• Static policy. Developers must define a given service's server-invocation order at deployment time. The generated smart proxy will invoke the first server of this sequence; if the server fails, the proxy will invoke the next server and so on. The static policy fails when all the listed servers fail; in this case, the proxy generates an exception to the client application.
• Random policy. The proxy accesses the server randomly at invocation time. If the selected server fails, the random-selection process repeats using the remaining servers. If all servers fail, the proxy propagates an exception to the client process.
• Parallel policy. The proxy uses threads to invoke all listed servers concurrently. It returns the first reply to the client application and ignores the remaining replies. If all servers fail, the proxy raises an exception.
• Best-median policy. This policy first computes the median response time of the last k-invocations for each server. Then the proxy invokes the server with the lowest median. If this server fails, the proxy invokes the remaining servers sequentially, following the ascending order of the medians. If all servers fail, the proxy raises an exception.
• Parallel best-median policy. PBM generalizes the parallel and best-median policies, striving to combine their benefits, as we now describe in more detail.
interface name= TemperatureConverterwebserver alias= pucminas uri= http://www.inf.pucminas.br/ConvertTemp.jws?WSDL adapter= PucMinasAdapter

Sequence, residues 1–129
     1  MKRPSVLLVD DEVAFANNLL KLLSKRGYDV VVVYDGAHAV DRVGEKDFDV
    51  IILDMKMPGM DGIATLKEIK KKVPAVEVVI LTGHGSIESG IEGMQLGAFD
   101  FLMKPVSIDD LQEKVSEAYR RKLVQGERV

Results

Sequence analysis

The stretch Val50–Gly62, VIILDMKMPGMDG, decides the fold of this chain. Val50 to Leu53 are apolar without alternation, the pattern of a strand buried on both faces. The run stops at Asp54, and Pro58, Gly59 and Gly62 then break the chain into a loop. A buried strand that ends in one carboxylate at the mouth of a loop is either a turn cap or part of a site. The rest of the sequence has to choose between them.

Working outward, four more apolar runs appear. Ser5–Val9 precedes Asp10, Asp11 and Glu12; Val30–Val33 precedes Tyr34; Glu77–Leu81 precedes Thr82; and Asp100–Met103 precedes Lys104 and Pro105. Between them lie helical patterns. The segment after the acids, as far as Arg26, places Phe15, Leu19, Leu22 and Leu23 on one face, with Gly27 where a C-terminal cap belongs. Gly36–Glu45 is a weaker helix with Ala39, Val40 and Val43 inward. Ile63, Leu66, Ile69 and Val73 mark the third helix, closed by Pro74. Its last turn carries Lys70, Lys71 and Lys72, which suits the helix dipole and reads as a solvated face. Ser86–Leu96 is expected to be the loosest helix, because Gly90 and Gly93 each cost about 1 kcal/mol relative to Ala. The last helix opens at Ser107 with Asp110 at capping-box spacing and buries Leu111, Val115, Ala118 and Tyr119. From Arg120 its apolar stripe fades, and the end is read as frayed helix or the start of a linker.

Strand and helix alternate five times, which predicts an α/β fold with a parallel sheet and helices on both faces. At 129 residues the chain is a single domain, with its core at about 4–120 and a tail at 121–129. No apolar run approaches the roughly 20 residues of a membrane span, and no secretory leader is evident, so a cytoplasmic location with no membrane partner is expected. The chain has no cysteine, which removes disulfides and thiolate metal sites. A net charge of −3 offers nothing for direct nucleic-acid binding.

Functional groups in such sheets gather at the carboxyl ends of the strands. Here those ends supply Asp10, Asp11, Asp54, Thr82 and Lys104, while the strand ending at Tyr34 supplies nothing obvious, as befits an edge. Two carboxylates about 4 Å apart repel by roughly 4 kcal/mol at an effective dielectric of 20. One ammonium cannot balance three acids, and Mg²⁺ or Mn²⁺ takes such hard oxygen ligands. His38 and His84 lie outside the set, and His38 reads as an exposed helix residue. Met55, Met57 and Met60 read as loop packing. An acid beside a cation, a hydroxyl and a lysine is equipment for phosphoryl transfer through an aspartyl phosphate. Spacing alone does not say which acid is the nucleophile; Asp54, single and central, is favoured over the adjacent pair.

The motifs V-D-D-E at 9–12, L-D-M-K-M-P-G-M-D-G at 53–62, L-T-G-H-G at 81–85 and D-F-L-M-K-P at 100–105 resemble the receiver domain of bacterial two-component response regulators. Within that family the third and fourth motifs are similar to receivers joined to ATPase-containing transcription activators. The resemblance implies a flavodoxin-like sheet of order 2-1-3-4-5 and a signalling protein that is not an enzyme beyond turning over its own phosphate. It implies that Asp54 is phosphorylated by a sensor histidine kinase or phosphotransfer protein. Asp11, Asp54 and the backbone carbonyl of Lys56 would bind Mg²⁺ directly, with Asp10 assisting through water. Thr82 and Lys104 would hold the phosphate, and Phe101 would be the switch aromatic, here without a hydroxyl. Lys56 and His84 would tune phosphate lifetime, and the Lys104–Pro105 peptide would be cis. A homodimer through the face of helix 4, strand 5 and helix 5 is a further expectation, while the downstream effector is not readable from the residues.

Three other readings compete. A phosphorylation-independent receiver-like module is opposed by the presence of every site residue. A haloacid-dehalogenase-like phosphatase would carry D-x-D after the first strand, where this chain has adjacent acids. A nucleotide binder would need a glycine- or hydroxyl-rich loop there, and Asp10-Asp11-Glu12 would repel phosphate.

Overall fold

policy pbm(k=1.2, p=2, n=10, t=3, service1, ..., serviceN)
session begin= login end= logout
• WS1 and WS2, located at one of Brazil's largest ISPs ( http://www.terra.com.br);
• WS3 and WS4, located at a regional Brazilian ISP ( http://www.twi.com.br);
• WS5, located at a federal Brazilian university ( http://www.leopoldina.cefetmg.br); and
• WS6, located at a state Brazilian university ( http://www.ic.unicamp.br).
José Geraldo Ribeiro Jr. is an assistant professor at the Federal Center of Technological Education-Minas Gerais. His research interests include service-oriented computing, middleware, parallel programming, and operating systems. He received his master's degree in computer science from Pontifical Catholic University of Minas Gerais. Contact him at CEFET Minas, Rua Jose Peres, 558, Leopoldina, MG, Brazil, 36700-000; mailto:firstname.lastname@example.org
Glauber Tadeu do Carmo is a master's student in computer science at Federal University of Minas Gerais. His research interests include service-oriented computing and embedded systems. Contact him at PUC Minas, Unidade Sao Gabriel, Anel Rodoviario Km 23.5, Belo Horizonte, MG, Brazil, 31980-110; mailto:email@example.com
Marco Túlio Valente is an assistant professor at the Institute of Informatics at Pontifical Catholic University of Minas Gerais. His research interests include middleware, programming languages, aspect-oriented programming, and software engineering. He received his PhD in computer science from Federal University of Minas Gerais. He's a member of the Brazilian Computer Society. Contact him at PUC Minas, Unidade Sao Gabriel, Anel Rodoviario Km 23.5, Belo Horizonte, MG, Brazil, 31980-110; mailto:firstname.lastname@example.org.
Nabor C. Mendonça is a titular professor at the Center of Technological Sciences, University of Fortaleza. His research interests include distributed systems, service-oriented development, aspect-oriented programming, and software maintenance and reengineering. He received his PhD in computing from Imperial College London. He's a member of the IEEE Computer Society and the Brazilian Computer Society. Contact him at UNIFOR, Av. Washington Soares, 1321, Fortaleza, CE, Brazil, 60811-905; mailto:email@example.com">firstname.lastname@example.org.